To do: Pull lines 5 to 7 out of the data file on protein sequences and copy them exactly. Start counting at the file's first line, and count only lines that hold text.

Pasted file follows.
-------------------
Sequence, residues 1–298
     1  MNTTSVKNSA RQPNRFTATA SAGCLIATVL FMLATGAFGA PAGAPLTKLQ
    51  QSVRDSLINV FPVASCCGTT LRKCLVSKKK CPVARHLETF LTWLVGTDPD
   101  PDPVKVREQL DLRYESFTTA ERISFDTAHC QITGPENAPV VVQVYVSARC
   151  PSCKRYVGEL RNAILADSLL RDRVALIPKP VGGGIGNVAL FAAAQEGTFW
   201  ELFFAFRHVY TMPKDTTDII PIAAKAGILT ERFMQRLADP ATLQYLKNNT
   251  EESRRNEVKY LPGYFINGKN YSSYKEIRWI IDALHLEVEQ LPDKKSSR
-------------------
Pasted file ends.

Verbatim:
   151  PSCKRYVGEL RNAILADSLL RDRVALIPKP VGGGIGNVAL FAAAQEGTFW
   201  ELFFAFRHVY TMPKDTTDII PIAAKAGILT ERFMQRLADP ATLQYLKNNT
   251  EESRRNEVKY LPGYFINGKN YSSYKEIRWI IDALHLEVEQ LPDKKSSR